Innovation requires a shift in mindset
2019 is in full swing and it’s safe to say what the buzzwords of the year will be: innovation, disruption, AI and blockchain. Newsfeeds are abounding about how these technologies will automate the accountant’s role and their potential impact on the profession as a whole. "How much is hype?" and "When will these advancements really affect my business?" are the most common reactions to all of the noise.
More progressive firms, rather, ask how they can be innovative and get ahead of the disruption. Unfortunately, the firms that want to be innovative are so busy with client service and operational needs that they have no time to invest in creating an innovation strategy, much less aligning it with their business and growth strategies. So where do we start to keep up with the fast pace of change?
At the inception of all emerging technology is an innovation trigger. As early adopters begin developing solutions, the hype reverberates through the ecosphere about what is to come. But like any hot topic, if you throw the buzzword around too much, it loses its impact and the meaning becomes nebulous. To future-proof your business, you must be able to focus and drown out all the noise to clearly identify how you will be innovative. The problem is that most organizations make two fundamental mistakes in approaching the topic:
- Assuming there is an endpoint to the disruption; and
- Focusing on what everyone else is doing.
Organizations in general are far too fixated on predicting where the next disruptor will come from. Rather than wait for change to happen, we need to disrupt ourselves -- as a firm, business and profession. If we rethink how things could be, and what our customer experience should offer, we can garner new insights to reimagine what our business ought to look like and how we can leverage our own capabilities to get there. We have the power to shape our own future.
This is much more difficult for large organizations, as they are steeped with SOPs, guidelines, and hierarchical limitations. Plus, the bigger the corporation the less agile, and unfortunately a pressure to be perfect rather than allowance for risk. Startups don’t have anything to lose, so they shoot for the stars; if they land on the moon, they have still left the competition behind.
The real problem is mindset
So how did we get here? Many would argue that it is a generational issues within firms. I disagree. In fact, I think that is an easy reproach to a cultural issue. We have been trained, especially in accounting, that to move forward on any initiative we must first have budgets, projections and a clear understanding of ROI.
On top of that, we keep attaching words like “today, tomorrow, future, now” and so on to discussions around disruption and innovation -- like there is a mountain at the end of this road and we are all waiting for someone to tell us we have reached the apex. That’s not going happen! We are living in times of exponential change. There will be no end to innovation or disruption. It will be constantly occurring and move from one emerging trend to the next. Even if your company gets a win and is innovative in a product or service delivery, you can’t stop there. You must continue to evolve, because what is the disruptor today will be the norm tomorrow and the competition will replicate whatever you have done -- which in turn eliminates the innovative aspect of what you are offering.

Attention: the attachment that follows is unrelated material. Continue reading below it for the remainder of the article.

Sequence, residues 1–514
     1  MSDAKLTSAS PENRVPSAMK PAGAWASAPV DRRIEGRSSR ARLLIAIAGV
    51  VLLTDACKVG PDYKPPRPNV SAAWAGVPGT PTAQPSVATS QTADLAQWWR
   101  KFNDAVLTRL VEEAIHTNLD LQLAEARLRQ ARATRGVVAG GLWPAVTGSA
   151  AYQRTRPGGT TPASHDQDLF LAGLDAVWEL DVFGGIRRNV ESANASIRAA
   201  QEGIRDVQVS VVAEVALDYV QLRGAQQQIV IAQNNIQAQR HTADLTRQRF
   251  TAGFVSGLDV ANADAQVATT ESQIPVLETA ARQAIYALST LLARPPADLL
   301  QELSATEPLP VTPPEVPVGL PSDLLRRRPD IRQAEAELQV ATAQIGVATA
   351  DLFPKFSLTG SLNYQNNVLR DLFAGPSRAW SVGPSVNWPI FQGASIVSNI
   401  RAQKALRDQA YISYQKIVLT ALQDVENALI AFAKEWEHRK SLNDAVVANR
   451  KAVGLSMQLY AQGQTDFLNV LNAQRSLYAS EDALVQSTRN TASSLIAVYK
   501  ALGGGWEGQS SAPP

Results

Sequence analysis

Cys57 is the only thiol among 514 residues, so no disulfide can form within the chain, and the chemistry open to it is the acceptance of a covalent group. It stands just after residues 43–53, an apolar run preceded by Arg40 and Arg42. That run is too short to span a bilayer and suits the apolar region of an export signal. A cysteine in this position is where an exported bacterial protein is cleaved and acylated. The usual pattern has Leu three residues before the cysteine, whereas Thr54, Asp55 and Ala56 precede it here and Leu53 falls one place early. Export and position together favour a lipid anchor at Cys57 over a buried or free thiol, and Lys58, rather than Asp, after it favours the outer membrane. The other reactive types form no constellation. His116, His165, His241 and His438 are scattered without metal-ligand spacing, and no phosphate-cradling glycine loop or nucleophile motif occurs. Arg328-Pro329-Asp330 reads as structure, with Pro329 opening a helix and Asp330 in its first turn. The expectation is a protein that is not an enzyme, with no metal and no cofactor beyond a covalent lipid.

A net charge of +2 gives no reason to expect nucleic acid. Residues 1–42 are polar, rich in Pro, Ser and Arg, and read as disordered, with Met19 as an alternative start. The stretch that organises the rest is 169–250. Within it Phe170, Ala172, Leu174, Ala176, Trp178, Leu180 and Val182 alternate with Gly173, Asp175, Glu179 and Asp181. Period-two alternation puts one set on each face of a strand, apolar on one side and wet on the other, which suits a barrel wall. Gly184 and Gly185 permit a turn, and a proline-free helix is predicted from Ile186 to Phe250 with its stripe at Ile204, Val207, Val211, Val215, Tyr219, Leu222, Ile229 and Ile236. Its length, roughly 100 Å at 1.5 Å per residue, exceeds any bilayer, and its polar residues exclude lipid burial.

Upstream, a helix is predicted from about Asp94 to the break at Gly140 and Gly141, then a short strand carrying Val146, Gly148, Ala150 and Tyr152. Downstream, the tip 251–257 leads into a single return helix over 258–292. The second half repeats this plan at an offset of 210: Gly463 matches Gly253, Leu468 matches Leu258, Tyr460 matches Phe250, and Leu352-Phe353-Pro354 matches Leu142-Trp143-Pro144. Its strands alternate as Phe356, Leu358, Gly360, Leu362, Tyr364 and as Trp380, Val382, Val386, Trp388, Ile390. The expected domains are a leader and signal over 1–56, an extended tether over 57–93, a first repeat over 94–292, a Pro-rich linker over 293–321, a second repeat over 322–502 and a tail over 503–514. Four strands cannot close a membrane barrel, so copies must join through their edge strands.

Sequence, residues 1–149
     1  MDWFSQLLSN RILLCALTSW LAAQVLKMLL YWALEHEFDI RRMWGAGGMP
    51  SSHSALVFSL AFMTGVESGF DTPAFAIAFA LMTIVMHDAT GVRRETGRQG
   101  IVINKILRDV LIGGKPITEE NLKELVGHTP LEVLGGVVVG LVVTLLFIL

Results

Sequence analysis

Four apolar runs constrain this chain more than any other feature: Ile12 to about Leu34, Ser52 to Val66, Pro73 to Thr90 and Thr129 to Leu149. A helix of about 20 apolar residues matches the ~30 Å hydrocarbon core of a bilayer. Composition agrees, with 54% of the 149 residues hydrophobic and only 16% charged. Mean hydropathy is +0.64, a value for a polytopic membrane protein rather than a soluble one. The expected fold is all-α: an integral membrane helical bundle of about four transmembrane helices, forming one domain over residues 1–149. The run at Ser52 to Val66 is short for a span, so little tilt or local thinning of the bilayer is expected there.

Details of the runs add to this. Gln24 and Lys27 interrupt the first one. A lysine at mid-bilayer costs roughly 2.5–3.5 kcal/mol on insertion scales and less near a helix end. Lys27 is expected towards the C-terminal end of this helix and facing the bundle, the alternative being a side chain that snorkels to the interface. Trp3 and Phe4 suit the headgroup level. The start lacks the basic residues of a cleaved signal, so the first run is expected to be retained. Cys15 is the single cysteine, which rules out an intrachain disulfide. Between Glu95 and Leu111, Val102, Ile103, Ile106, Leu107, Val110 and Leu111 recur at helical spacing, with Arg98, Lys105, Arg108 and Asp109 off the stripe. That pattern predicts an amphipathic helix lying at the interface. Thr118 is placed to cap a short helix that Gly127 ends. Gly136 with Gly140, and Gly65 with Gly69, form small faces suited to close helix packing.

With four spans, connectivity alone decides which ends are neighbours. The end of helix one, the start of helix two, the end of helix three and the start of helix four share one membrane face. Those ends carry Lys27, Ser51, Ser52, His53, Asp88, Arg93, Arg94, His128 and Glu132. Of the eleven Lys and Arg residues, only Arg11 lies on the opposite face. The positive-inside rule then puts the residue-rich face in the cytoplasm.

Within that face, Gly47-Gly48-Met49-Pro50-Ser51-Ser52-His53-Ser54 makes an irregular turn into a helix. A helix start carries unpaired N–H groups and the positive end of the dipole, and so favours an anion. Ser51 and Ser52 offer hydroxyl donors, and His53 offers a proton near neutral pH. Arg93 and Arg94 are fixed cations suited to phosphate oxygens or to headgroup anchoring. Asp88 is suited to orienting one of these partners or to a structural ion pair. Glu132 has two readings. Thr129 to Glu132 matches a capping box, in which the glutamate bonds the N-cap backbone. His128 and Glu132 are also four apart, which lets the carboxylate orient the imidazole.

Please note: Technology and innovation are not the same. You can be innovative in service-line, customer experience and delivery. Not everyone needs to be a software developer!
How do we resolve this dichotomy of thought?
Considering the hyper-competitive landscape of today, and the multitude of decisions that must be made to achieve your strategic growth, it is imperative that we focus on the fundamentals of strategy that yield the most significant opportunities. Unfortunately, most business strategies revolve around high-growth and low-cost -- not the opportunity. Far too focused on financials and marginalizing the topics of innovation and differentiation, leaders must realign and identify the most pressing issues while fostering a creative environment to get to the end-game. Strategic decisions shouldn’t be formulated by the same one to two people. We need:
- Team engagement;
- Cognitive diversity;
- Immersive experiences that yield creativity; and
- An end the cycle of discretionary funding for innovation.
Can we all agree it is time to eliminate the templates? How do set structures fuel anything creative when they are forcing thought processes in a singular direction? Innovation is not formed through black-and-white/right-and-wrong exercises. This dichotomy of thought creates a myopic process that is broken.
Let’s improve team engagement and ensure cognitive diversity in the strategic planning process by shifting to an immersive experience with visualization sessions. Further, we need to shift our culture to not look at this process and its outputs as discretionary expenses, but rather to nurture innovation and invest in the process, as well as the necessary actions to bring those ideas to fruition. Because when all is said and done, innovation will be the foundation of our future revenue potential, not just a line item.